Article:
You can read the agenda on the council’s website, but I have copied the relevant motions below:
Cllr. Paul Miller
“That this council suspend council procedure rule 10.4 in respect of all motions brought to this meeting (28 February 2013) which relate to the Pay and Grading Review.
I respectfully request that this motion be transacted before any other notices of motion on the 28 February 2013.
For clarity this motion is put to allow all such motions, relating to the pay and grading review, to be transacted at the meeting (28 February 2013).”
Cllr. Paul Miller
“That this council resolve that the chairs of all appeals committees convened in relation to the pay and grading review be truly independent.
As such this council directs that an individual may only be selected to chair such a committee where his/her independence has been agreed by the Head of Human Resources at Pembrokeshire County Council and all recognised trade unions. “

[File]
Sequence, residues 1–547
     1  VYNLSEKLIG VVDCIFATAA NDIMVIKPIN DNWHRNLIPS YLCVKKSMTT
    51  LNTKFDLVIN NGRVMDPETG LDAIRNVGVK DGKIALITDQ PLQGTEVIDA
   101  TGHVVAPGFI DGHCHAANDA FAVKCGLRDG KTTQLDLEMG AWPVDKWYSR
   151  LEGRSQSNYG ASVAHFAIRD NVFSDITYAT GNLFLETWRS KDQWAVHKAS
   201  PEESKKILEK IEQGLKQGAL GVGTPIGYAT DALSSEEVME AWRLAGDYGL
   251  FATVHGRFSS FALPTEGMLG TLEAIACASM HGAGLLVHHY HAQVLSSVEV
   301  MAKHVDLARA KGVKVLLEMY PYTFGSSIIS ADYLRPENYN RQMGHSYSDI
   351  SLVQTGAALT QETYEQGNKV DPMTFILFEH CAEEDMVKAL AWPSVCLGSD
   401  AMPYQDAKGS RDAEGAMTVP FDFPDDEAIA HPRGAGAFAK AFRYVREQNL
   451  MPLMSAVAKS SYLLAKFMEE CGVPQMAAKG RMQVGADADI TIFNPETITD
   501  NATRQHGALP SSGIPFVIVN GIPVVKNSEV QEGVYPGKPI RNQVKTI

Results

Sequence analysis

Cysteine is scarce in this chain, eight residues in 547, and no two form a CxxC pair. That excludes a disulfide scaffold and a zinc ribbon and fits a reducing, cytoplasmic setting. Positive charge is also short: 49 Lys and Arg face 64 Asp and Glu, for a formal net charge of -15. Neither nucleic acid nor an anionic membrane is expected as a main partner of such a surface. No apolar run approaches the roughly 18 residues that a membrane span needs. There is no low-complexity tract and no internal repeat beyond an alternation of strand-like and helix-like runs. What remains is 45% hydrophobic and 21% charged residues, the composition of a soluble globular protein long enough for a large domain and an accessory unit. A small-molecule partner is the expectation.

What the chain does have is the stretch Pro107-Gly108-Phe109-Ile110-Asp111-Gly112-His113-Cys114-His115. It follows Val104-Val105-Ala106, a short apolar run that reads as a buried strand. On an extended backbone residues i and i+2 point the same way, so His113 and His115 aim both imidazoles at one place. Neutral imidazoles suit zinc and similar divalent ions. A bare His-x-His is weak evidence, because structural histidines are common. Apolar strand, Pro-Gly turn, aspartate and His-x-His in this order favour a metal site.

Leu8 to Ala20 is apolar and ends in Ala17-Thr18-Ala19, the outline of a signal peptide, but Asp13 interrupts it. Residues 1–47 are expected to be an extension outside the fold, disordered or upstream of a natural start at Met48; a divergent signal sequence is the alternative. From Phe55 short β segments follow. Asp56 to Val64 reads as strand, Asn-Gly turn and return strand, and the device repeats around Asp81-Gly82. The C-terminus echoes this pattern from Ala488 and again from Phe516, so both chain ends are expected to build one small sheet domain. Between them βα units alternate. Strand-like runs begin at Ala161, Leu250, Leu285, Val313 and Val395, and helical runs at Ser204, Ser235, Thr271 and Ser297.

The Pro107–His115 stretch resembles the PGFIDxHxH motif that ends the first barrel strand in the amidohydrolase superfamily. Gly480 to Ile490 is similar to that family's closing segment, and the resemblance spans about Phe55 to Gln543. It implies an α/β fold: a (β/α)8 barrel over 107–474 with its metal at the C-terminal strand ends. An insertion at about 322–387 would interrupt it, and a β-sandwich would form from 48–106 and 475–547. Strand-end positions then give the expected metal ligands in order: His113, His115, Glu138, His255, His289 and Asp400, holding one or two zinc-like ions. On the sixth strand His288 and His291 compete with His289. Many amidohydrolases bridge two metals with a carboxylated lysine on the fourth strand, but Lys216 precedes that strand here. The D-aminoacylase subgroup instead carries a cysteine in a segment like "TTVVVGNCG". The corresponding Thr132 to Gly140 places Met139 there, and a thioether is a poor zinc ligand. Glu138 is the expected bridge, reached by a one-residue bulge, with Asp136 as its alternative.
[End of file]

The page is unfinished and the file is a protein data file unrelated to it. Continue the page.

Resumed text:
Cllr. Paul Miller
“That this council resolve that no member of staff, who does not sign up to the contractual change by close of business today (28 February 2013), will be denied a hardship payment where an agreement is subsequently reached.”
Cllr. Gwilym Price
“That this council requires a review be undertaken of all Job Descriptions and Departmental Operational Procedures, reporting to the Corporate Governance Committee before the end of May 2013. This review shall look specifically at:
1) When the job description for each council post was last reviewed in conjunction with the member of staff in the post to which it relates.
2) The robustness of procedures to ensure an annual review of that job description with the post holder.